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Cape Town: In A Different Light. 4 min read

Admittedly, Cape Town wasn’t my first choice for a study abroad program. But the opportunity presented itself for me to do something where the path was not laid out for me, and I said “yes” because that is why I came to Stern. I spent the next three months weeding through logistics, performing class schedule gymnastics, bugging the administration, and reminding myself that nothing worth having isn’t worth fighting for. By September, I was on the plane to Cape Town with my extremely supportive family to attend The University of Cape Town Graduate School of Business (UCT GSB). By November, my heart was in Cape Town. 


After living in New York for over 5 years, I’ve become accustomed to not talking to unfamiliar faces when unnecessary. This is probably one of the reasons I found the Cape Town culture to be so incredibly friendly. It’s a city where when you meet someone and you exchange information, the person will follow up to schedule a time for that coffee. However, one of my most notable experiences with how friendly and generous the culture is, was an interaction with the Co-President of UCT GSB, Minaz Munshi, and our professor, Phumlani Nkontwana. During one of our breaks from class, I was chatting with Minaz about my interest in getting plugged into the tech start-up ecosystem in Cape Town and attending events in the city. As she was mentioning upcoming events and conferences, Professor Phumlani was walking by and joined our conversation. He immediately started running through resources for us to research and even offered to help us find sponsorship to attend key events like the Africa Tech Summit. The engagement of the community of UCT GSB and beyond was a pleasant reminder of the best parts of human nature.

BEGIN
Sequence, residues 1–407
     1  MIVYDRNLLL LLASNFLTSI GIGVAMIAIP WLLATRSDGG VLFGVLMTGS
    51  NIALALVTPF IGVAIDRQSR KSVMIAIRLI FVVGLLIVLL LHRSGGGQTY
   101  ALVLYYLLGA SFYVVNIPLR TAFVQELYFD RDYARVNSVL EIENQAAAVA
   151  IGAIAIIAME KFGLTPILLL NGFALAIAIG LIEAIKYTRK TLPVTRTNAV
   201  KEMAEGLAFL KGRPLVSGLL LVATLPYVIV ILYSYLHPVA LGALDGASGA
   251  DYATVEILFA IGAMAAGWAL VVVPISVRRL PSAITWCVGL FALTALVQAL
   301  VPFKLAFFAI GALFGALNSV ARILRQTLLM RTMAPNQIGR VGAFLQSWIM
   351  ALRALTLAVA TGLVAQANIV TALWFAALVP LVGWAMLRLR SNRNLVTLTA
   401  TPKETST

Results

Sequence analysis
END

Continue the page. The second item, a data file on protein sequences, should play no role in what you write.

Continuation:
Muizenberg – Cape Town


 There is nothing that beats a Cape Town sunset (I can’t speak about the sunrise because I was never up that early). One of my favorite parts of the city is its natural beauty and everyone’s appreciation of it. Once my classes ended, I had the privilege to wake up, do a bit of work, and then text a friend to go on a sunset hike of Signal Hill or Lion’s Head. I probably hiked about twice a week. When I told my dad this, he was shocked…anyone that knows me would be shocked. I was not the person you called on a Saturday morning to go hiking. I was the person you called on a Saturday to go to the mall. But if there is one thing living in South Africa has given me, it’s seeing the world from a different perspective.  There, I saw how over-consumption and climate change threatens people’s quality of life daily. Though I knew this to be true prior to living in Cape Town, there’s a stark difference between living in New York City and buying Shein clothing and living in an emerging economy where Shein clothing is washing up on the beach. 

A Travel Tip

Weeks Family in Franschoek

I’m grateful for the opportunity to study abroad in Cape Town and I’m proud of myself for committing to learning more about business in Africa – one of the things I was keen to learn during my MBA program. I’m writing this piece just 3 weeks after coming back to the US, so I’m still digesting the experience. I know I’ll reread this and regret the things I didn’t get to say. But I would be remiss if I didn’t mention a few things about being a dark-skin Black woman in South Africa. Similar to how I feel living in the US, there were times in Cape Town when I was the token Black person in a space and I was extremely aware of that fact, despite the South African population being overwhelmingly Black and Coloured. It’s only been about 30 years since Apartheid and its effects can still be felt. I would encourage those thinking about traveling to South Africa to take the time to visit amazing exhibits like the Apartheid Museum, book a tour of Soweto, and reflect on what you see around you.

Completing my study abroad in Cape Town is one of my biggest accomplishments since being at Stern because I had to create my own path to complete what I wrote about in my admission essay: to learn about the business landscape in Africa. As a result, I climbed a mountain, made friends who are just waking up when my day ends, and updated my Amapiano playlist!  

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